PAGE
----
My right arm hangs limp at my side, unusable, and yet I am grateful.
It was about 10:15 p.m. on a Sunday night. There was a report of snow for the next day but it was a clear moonless night.
Driving my Yukon Denali up the winding gravel driveway to the house at the top of the hill I drove the car into the garage bay. Grabbing my iPad, iPhone and purse I walked out of the garage closing the garage door behind me. The Sentry sensor light was shining, lighting my way. The trek toward the house was about 30 yards up a small hill, a pathway lined with boulders and smaller rocks.
As I was taking a step with my right foot the light went out. I felt a rock on the right side of my hiking boot. The next thing I knew I was holding my right arm to my chest with my left hand. I was in excruciating pain. If I moved my right arm downward even slightly, the pain became even more intense. I remember feeling very, very cold. I was on the ground, lying in the gravel. But I wasn’t sure where I was.
I tried and tried to get up. I got on my knees and lifted my right leg so that my right boot was on the ground, but could not seem to right myself. Holding my right arm to my chest I put my left elbow into the gravel and tried to stand up. I was extremely cold and my pain was ‘off the charts.’ I lay on the ground with my alpaca poncho around me and thought, “If I don’t get up and get to the house, I will die.” I was so very cold.
Somehow, I was able to stand. I credit my Eastern European/Polish heritage with the strength of my strong hips and legs. As I look back, I’m pleased that I played women’s professional football and was a middle linebacker. Although that was many years ago, this physical ability was an important factor in being able to stand and to begin to move. I was confused and was not sure where to go. It appears I had rolled down a hill and was at the bottom of a driveway.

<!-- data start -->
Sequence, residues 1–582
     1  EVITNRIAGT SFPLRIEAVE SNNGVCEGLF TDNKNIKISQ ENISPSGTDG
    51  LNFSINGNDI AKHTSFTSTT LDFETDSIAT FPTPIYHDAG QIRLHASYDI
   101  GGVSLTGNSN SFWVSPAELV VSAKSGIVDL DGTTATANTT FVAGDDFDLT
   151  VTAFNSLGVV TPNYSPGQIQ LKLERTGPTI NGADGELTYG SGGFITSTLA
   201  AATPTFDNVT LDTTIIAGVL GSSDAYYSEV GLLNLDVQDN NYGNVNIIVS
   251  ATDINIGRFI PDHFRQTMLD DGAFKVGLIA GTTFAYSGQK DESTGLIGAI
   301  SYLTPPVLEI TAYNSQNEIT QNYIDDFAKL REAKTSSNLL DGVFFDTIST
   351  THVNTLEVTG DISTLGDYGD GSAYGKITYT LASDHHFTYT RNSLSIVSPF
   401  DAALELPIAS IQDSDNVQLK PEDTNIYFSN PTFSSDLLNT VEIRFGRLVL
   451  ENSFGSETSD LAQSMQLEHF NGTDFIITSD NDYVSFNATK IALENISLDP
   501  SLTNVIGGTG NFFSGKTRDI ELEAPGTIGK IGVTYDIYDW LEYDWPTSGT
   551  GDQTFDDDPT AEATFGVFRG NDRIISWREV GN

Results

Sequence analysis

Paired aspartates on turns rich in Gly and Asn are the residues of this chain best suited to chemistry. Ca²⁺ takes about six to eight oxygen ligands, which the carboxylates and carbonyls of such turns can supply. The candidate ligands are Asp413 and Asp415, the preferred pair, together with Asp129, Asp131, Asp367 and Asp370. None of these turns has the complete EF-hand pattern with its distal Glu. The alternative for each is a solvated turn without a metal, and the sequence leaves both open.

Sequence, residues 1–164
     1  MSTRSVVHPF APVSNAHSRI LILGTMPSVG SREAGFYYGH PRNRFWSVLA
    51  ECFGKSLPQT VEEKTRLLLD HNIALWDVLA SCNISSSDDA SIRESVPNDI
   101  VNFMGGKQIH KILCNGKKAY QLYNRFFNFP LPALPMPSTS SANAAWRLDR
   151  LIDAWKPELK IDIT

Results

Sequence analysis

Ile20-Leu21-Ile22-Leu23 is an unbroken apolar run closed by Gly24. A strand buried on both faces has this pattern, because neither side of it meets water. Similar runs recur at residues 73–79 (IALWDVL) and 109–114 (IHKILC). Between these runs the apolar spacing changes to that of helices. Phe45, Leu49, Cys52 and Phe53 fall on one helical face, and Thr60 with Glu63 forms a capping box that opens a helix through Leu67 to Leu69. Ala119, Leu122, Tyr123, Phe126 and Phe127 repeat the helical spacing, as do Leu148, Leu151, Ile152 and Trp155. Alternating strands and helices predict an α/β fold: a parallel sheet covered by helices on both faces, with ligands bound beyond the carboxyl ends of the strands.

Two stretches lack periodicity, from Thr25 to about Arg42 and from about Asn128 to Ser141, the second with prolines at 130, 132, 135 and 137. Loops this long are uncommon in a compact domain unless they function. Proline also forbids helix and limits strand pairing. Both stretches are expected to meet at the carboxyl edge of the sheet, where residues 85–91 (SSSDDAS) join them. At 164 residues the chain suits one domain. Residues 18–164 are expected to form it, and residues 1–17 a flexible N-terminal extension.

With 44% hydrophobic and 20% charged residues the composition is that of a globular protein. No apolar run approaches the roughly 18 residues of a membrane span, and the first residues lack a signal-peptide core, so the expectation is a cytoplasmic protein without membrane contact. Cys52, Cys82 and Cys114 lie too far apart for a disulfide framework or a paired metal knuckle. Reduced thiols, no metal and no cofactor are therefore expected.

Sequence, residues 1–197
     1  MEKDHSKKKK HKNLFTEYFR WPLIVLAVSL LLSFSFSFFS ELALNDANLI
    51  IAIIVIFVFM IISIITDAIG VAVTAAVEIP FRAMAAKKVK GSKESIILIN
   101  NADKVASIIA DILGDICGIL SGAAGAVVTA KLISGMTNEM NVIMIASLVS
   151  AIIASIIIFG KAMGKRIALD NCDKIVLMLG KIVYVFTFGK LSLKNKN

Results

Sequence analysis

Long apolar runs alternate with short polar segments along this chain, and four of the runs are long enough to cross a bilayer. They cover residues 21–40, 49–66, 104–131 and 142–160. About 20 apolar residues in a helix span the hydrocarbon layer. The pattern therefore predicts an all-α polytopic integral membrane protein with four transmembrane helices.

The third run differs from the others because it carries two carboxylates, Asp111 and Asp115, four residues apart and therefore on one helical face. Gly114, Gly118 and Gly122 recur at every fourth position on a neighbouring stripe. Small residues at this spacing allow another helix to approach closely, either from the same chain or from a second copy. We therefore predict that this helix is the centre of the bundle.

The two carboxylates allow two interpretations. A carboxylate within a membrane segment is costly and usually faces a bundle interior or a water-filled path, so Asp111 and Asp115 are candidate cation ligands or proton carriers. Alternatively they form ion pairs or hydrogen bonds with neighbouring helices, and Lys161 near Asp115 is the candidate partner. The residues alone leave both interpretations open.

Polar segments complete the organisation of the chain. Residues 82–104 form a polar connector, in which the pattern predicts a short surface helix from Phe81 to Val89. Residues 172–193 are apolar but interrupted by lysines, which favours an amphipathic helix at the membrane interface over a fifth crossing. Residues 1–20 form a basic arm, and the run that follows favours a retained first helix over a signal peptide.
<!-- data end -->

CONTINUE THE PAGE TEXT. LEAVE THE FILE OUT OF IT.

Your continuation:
Once upright I began to walk and realized that I was walking away from the house. The pain in my right arm back and shoulder was excruciatingly severe. The next day, when the emergency room doctor asked me if I had lost consciousness, I said “no.” I didn’t know I had hit my head because the spectacular pain in my right shoulder arm and back engaged my entire attention. And, I was indescribably cold.
It was very dark, but somehow I walked up the hill yelling “John, help.” John is staying in the basement apartment of the house. I got to the door. He opened it. I don’t know how long I have been yelling, but as I got to the door he heard me. I lay down on the bed, still holding my right arm to my chest with my left hand. He gave me a pain pill. It was so cold that I could feel my teeth chattering as he covered me with blankets. I fell asleep for a few hours. Upon awakening, John drove me to the emergency room in Pagosa Springs, Colorado.
He told me that it was about 1:15 a.m. when he opened the door and let me in. It had been approximately 20° for about three hours. I can now understand why my inner guidance told me that if I did not get up I would die.
The emergency room doctor told me that the bruises under my eyes indicated a concussion. He performed a CAT scan of my head and neck. The pain continued in a phenomenal manner. The x-ray of my right shoulder showed a dislocated humerus, and a possible fracture. There was no orthopedic surgeon in Pagosa Springs, so I was taken by ambulance to Durango. The emergency room medical staff inserted an IV for pain medication, which took the edge off, yet still, the pain continued. The orthopedic surgeon in Durango relocated the arm bone into the shoulder socket and put my right arm in a sling. The x-ray taken after putting the arm bone back into place showed that there was no fracture on the head of the humerus.
As I type this my fingers tingle and the two middle fingers are somewhat numb at the tips. The area across the deltoid muscle is also numb. I have nerve damage including the axillary nerve that innervates the deltoid muscle. I cannot lift my arm. It hangs limp at my side.
And I am grateful to be alive.